It’s June 2019. I’m not even paying attention to the names being called in the MLB Draft. All of the sudden, my dad jumps up off the couch.
“You’ve been drafted by the Royals,” he said. “You’re going to Kansas City!”
I look up and see my name on the TV. That was it. That was one of the happiest, most surreal moments of my life — and I’m so glad it was my dad who broke the news.
As long as I can remember, baseball has been a family affair. My family lives and breathes the game. My parents signed me up for my first league when I was three years old. After school, I’d practice ground balls on the hot Birmingham blacktop before heading to little league practice. I loved playing with other kids, but when there weren’t any around, I played imaginary games against a retaining wall — all nine innings. I couldn’t get enough. When I wasn’t practicing on my own, I’d play with my dad. My dad was officially my little league coach for two years, but he was so much more beyond that. On weekends during a football or basketball halftime show, my dad and I would head out to the garage and practice hitting off the tee. Since before I can remember, baseball was synonymous with family.
I played baseball and basketball through my sophomore year in high school, then gave up basketball to run completely at baseball. By my junior year, I was being recruited. I remember visiting the University of Alabama at Birmingham and feeling right — like I was at home. I had other recruitment visits planned, but I couldn’t shake the feeling that UAB was where I was meant to be — so I committed. Looking back, it’s because UAB made me feel special: like I was part of their family.
I had the time of my life the following three years at UAB. I continued to work hard at the game, studied marketing and my teammates became my family.
My junior year at UAB, a guy named Nick Hamilton, with the Kansas City Royals, scouted me. He brought me to chat with the team, and here again, I felt at home, like part of a family. A few months later, I got a phone call from my dad, telling me Kansas City had drafted me. I was over the moon. Two days later, I was in Surprise, Arizona at the Royals’ spring training site with the other draft picks.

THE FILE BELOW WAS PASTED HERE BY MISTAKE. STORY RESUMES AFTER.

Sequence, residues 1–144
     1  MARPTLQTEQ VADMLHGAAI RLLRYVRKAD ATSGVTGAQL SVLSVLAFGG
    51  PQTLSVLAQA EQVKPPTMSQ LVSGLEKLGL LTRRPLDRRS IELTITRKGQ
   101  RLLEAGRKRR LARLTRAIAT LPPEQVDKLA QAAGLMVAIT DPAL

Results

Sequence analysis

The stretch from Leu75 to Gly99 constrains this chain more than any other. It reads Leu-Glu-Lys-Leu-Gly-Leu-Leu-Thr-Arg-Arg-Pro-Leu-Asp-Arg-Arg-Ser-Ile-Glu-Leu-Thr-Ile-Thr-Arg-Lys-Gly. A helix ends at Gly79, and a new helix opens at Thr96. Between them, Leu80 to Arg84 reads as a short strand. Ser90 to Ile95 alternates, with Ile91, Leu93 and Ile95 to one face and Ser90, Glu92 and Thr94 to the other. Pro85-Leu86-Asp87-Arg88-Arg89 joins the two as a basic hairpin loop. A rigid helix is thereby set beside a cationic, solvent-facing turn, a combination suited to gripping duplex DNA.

During my rookie season with KC, a close friend and teammate of mine told me about Pando, a company that offered something called “income pooling.” I didn’t really get what that meant, and I quickly forgot all about it, and the company.
A year later though, in the middle of the COVID-19 pandemic, I got a call from Victoria at Pando. She finally explained what income pooling was: a group of ball players all join together and contribute a portion of their future income to a shared pot (or pool), over a certain dollar amount (a threshold). Those earnings are distributed equally at a later date, so everybody gets a piece.
Right off the bat, I had a few questions. First, did I have to put in any money up front? The answer was no: I wouldn’t have to contribute to the shared pool until I could afford to (concretely, until I had earned at least $1.6M in the MLB). Second, how did Pando make money? Victoria explained that Pando helps create these income pools and takes care of all of the administration, and in exchange, they take a small percentage of the pools’ distributions.
As soon as I got everything straight, I wanted to join an income pool. It felt like a great way to invest in your future: by joining up with other ball players who are all trying to make it in the Big Leagues. Most of all, it made sense because an income pool — you guessed it — is just like having another family, only this one is made up of your peers in baseball.
In a nutshell, I love Pando because it makes baseball even more of a family affair for me. Victoria and the rest of the crew at Pando helped me form a pool and find a group of players I’m thrilled to be connected with. I truly believe in the guys in my pool: each of us has a great shot at making it in the MLB, and we’ll support one another as we make our way. And when things get tough, which I’m sure they will, we’ll have one another to fall back on. Like with family, we’ll be there for each other, through thick and thin.